5. Tags “BIO Cosmetique” and “ECO Cosmetique” indicate that cosmetic products are made in accordance with ethical standards. Tags
  6. German IHTK certificate also prohibits tests and products of slaughter origin. German IHTN certificateBut there is an exception – if an ingredient was tested before 1979, it can be used in cosmetics. Therefore, the IHTK certificate, in terms of ethics, is rather controversial.

If you bought a product with a certificate that confirms ethics, this does not mean that the entire cosmetic line is not tested and does not contain animal components. Each product is worth checking separately!

Can ethical packaging be trusted?

There is no law in Russia that would regulate the production of cosmetics without animal components. Companies can manipulate public opinion by sticking an image of a prancing rabbit on their packaging. Unfortunately, it is impossible to hold them accountable for pictures of this kind.

To protect yourself from a low-quality manufacturer, it is worth additionally checking all cosmetics:

  1. Use the information on the official website of the company. Do not believe the loud words about the organic composition of the cream or about caring for the environment. Any information must be supported by appropriate documents. Many manufacturers post quality certificates on their websites. It is necessary to carefully examine whether the document applies to the entire company or only to a few of its products.
  2. Search information on independent resources… Most of the major foreign cosmetic companies can be checked in the database of the international independent organization PETA. Literally the name of the company stands for “people for an ethical attitude towards animals.” They are one of the most authoritative and independent sources of information about animal testing.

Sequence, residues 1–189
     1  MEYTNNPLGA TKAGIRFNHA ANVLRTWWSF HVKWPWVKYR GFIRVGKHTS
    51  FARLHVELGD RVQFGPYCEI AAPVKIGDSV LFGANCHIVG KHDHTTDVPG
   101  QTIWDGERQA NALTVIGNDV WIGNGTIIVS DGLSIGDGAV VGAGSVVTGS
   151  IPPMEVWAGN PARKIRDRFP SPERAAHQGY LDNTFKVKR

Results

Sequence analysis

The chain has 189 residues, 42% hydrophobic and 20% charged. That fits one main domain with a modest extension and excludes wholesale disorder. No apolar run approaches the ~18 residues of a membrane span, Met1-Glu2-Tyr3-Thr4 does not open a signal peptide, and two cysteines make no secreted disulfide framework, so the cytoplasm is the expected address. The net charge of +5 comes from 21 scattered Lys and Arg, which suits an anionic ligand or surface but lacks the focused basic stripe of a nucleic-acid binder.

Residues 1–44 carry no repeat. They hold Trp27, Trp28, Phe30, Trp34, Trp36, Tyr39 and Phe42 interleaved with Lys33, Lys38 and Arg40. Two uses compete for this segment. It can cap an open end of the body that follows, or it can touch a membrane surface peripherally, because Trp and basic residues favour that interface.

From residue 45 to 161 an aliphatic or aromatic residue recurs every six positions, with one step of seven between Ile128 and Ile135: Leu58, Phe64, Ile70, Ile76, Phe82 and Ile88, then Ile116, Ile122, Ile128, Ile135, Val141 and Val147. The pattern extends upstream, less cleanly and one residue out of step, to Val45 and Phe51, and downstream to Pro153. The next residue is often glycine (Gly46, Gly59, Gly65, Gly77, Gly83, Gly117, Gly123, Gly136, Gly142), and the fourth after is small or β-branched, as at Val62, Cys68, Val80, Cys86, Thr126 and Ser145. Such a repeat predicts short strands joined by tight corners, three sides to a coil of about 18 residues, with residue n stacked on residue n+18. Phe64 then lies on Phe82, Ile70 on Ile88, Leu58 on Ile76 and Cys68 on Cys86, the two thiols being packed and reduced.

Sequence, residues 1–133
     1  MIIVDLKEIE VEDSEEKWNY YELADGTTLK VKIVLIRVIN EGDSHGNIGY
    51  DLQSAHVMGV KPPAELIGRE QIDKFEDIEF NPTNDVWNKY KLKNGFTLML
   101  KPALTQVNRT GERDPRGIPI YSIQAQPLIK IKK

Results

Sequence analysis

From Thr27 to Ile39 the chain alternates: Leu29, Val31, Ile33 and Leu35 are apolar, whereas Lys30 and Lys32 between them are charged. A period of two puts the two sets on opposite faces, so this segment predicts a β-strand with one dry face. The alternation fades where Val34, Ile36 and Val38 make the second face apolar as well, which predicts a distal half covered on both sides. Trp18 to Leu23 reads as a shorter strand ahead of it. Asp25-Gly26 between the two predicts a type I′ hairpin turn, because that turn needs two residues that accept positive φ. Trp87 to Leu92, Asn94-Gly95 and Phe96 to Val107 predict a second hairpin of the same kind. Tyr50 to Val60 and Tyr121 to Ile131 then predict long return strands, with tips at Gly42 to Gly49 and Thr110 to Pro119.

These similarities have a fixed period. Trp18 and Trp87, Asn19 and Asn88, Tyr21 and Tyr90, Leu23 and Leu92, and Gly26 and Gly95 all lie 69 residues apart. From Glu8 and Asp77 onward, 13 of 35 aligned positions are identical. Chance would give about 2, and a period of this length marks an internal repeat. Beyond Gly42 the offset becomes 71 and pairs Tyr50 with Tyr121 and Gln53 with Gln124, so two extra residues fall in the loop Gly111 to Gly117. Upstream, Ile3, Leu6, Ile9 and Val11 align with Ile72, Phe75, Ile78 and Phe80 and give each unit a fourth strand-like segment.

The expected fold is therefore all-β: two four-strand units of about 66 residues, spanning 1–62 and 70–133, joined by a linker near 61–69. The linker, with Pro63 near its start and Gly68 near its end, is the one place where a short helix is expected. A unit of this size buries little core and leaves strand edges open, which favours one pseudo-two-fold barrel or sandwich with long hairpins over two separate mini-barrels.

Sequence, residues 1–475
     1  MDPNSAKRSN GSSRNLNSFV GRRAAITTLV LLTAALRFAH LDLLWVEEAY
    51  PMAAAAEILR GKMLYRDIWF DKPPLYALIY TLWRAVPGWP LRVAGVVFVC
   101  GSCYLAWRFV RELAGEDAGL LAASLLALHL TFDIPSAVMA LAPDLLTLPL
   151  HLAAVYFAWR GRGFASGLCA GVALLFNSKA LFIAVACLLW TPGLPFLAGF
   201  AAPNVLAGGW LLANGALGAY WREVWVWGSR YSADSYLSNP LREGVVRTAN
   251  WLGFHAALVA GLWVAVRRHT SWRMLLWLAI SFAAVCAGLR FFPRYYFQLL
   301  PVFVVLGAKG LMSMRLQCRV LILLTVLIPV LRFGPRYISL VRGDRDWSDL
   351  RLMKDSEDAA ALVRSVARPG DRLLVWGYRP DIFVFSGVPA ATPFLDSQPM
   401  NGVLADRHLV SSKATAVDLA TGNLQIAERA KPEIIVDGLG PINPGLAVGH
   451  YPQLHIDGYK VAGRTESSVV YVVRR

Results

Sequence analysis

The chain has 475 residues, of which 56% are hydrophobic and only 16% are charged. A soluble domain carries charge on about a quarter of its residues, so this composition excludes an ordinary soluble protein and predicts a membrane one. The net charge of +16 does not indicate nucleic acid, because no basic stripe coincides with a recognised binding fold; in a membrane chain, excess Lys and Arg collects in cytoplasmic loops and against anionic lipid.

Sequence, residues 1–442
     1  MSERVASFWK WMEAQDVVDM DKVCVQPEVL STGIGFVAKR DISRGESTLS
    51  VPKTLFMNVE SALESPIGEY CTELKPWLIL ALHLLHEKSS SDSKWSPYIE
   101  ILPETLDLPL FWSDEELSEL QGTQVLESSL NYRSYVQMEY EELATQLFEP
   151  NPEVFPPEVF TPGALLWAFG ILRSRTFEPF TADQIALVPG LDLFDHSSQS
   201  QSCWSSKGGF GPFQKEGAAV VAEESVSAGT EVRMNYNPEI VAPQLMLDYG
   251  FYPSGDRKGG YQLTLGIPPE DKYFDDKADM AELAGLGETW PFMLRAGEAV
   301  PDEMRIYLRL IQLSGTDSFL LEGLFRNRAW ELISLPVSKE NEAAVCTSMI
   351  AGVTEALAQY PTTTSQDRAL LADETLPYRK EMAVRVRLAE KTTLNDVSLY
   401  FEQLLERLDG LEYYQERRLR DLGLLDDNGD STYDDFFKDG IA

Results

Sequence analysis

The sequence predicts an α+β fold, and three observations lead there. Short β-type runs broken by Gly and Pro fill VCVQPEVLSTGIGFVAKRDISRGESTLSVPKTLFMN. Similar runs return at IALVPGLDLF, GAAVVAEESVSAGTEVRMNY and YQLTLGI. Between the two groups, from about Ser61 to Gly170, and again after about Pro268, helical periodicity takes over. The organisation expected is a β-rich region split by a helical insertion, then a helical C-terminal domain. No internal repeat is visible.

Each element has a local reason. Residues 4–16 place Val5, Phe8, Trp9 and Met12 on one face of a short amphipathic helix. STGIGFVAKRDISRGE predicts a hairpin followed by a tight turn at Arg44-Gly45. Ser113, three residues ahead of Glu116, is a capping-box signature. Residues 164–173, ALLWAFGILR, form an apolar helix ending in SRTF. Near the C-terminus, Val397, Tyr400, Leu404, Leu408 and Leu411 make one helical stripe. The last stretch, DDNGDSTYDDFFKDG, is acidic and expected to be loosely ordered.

3. Avoid manufacturers of household chemicals. In Russia, it is forbidden to produce such products without animal tests. An ethical company cannot be a manufacturer of household chemicals.
  4. Contact a cosmetic company directly. If you are interested in a particular brand of products, you can contact them directly. You can ask questions by phone, but it is best to use regular mail or electronic form – so they can send you images of the certificates. Don’t be afraid to inquire exactly which products are cruelty. You can also find out how all dermatological tests are performed on products.

Often, cosmetics may not be tested on animals, but at the same time contain animal components. If you are only interested in vegan cosmetics, you should carefully study the ingredients on the packaging.

What ingredients should not be found in vegan cosmetics?

Sometimes it is enough to read the ingredients carefully to exclude animal products in the face and body products.

Vegan cosmetics should not contain:

  • Gelatin… It is produced from animal bones, skin and cartilage;
  • Estrogen. It is a hormonal substance, the easiest way to get it is from the gallbladder of pregnant horses.
  • Placenta… It is extracted from sheep and pigs.
  • Cysteine… A hardening substance that is extracted from hooves and bristles of pigs, as well as duck feathers.
  • Keratin. One of the ways to obtain the substance is to digest the horns of cloven-hoofed animals.
  • Squalane… It can be obtained from olive oil, but many manufacturers use shark liver.
  • Guanine. It is classified as a natural color for a shiny texture. Guanine is obtained from fish scales.
  • Hydrolyzed collagen. It is made from the fat of slaughtered animals.
  • Lanolin. This is the wax that is released during the digestion of sheep’s wool. The animals are specially bred for the production of lanolin.

Ingredients of animal origin can be not only additional components, but also the basis of cosmetics. Many products contain glycerol… One of the ways to get it is through the processing of lard.

Choose skin care products that are made with vegetable glycerin.

For cosmetics to be of high quality and safe, they do not need to be tested on animals. There are many alternative dermatological control methods. Products with certificates for organic and ethics are not only safe for humans, but also do not require the killing of animals for the sake of beauty.